Little is known about the role of innate immunity in hepatitis C Uninfected human liver contains a high proportion of natural killer (NK) cells,309 and recently liver has also been shown to contain a significant population of cells with both NK-cell and T-cell phenotypic and functional characteristics, the natural T (NT) cells.310 These cells feature heavily biased T-cell receptor (TCR) gene usage, CD1d restriction and high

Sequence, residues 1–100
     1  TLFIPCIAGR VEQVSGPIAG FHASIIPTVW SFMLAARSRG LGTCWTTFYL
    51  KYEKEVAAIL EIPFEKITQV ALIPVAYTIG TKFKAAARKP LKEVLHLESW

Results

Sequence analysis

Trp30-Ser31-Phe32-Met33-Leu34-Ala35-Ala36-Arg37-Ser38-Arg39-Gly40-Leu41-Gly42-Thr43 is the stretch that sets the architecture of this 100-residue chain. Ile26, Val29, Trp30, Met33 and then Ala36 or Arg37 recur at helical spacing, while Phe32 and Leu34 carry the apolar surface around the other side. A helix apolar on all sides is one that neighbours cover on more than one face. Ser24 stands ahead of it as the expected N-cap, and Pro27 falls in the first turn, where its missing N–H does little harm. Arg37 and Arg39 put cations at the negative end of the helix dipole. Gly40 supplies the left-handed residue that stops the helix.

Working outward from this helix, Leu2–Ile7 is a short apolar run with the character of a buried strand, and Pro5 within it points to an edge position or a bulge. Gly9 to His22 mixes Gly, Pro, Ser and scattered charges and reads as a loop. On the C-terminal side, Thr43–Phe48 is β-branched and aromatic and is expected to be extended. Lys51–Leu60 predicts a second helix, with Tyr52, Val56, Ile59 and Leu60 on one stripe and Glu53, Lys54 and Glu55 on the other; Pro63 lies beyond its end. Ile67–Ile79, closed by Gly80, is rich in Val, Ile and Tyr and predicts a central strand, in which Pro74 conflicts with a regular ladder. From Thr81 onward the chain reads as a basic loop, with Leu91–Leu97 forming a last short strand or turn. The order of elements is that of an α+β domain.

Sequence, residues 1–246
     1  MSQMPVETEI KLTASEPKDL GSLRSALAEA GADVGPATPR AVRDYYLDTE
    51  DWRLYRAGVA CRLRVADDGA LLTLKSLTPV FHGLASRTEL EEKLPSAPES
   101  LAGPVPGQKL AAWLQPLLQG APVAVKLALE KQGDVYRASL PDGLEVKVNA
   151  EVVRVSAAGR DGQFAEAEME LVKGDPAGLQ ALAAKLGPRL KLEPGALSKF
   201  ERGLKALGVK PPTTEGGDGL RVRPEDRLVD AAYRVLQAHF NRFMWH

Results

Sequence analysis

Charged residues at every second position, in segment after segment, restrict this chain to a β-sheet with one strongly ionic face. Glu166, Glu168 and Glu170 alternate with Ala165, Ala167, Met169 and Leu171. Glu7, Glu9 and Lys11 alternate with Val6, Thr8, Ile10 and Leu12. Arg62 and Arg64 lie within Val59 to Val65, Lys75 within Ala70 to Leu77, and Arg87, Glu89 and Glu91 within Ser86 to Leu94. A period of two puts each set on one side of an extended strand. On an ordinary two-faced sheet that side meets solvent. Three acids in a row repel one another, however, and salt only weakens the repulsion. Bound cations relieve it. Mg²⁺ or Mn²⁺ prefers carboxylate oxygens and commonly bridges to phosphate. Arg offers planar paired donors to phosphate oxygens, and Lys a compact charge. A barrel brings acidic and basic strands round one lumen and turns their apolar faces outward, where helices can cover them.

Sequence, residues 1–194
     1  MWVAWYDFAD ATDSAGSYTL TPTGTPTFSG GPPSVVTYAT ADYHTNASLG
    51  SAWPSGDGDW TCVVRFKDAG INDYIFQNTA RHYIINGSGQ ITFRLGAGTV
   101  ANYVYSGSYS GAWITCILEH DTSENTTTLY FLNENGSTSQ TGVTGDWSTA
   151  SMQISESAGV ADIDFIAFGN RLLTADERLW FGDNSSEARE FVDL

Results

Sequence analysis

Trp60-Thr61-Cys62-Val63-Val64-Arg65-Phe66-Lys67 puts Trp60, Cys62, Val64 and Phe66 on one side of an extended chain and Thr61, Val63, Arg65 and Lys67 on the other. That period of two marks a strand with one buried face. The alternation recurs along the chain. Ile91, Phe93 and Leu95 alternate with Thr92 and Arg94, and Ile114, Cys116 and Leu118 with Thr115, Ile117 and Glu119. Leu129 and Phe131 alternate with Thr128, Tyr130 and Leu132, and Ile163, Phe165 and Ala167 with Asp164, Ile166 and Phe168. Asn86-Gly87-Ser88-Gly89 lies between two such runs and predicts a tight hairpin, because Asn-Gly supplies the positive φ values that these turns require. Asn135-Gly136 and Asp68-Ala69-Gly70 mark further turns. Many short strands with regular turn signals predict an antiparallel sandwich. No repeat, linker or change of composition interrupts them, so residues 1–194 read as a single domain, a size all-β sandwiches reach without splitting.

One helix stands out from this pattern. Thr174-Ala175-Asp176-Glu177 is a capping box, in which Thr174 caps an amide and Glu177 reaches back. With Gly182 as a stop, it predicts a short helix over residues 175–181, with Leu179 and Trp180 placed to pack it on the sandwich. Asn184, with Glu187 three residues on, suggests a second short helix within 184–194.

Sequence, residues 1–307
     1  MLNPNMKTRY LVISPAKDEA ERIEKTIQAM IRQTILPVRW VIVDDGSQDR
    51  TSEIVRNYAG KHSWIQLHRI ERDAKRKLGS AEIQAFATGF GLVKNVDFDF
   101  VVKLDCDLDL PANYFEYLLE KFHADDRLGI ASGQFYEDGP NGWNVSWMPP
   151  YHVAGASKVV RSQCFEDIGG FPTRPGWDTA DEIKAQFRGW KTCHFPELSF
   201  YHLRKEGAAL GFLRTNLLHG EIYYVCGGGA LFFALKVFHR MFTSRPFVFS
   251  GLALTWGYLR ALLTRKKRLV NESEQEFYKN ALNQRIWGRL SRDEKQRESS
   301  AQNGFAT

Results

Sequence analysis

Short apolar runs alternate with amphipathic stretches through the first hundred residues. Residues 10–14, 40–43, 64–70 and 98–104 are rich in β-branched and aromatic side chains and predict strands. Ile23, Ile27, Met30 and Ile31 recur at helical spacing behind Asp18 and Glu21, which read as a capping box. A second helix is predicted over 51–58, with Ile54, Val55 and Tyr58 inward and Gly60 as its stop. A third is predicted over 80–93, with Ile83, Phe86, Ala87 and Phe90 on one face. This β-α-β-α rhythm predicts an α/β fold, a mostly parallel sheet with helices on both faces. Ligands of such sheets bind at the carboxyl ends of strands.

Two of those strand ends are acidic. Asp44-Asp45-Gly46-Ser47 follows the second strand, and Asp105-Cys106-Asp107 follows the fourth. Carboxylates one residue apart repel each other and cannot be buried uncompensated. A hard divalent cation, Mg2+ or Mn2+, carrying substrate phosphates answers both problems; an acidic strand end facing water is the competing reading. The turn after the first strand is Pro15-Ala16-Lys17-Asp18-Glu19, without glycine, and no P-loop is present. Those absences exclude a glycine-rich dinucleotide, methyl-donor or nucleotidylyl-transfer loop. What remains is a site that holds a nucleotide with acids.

levels of cytokine production, particularly IL-4 and IFN-γ.311 In several murine models of infection, liver NT cells appear to play a key role in the host response.311 Thus, both NK and NT cells may have significant bearing on the immune response to hepatotropic pathogens such as HCV. Early NK-cell expansion, prior to the proliferation of CD4+ and CD8+ virus-specific cells, has been shown to control viral replication in murine models of viral hepatitis, such as LCMV.312 The high rate of HCV persistence following primary infection may plausibly relate to the observation that patients who develop persistent HCV infection have impaired NK activity,313 and few intrahepatic NK cells.314 Studies of this cell type in the liver of humans or chimpanzees with primary HCV infection are yet to be performed to better inform this debate. Similarly, virtually no data exists examining the potential role of NT cells in initiation or propagation of the host response to HCV. Similar to CTL it has been suggested that lymphocytes typically found in innate immune responses may play a role in producing chronic liver damage in HCV infection. Migration of NK and NT cells from blood to liver has been demonstrated in patients with persistent HCV infection.315 However, flow cytometry and in situ immunophenotyping of intrahepatic cytotoxic cells has demonstrated that NK and NT cells are not expanded in number in patients with chronic HCV hepatitis, thus suggesting that these cells are unlikely to play a major role in hepatocellular injury.265,316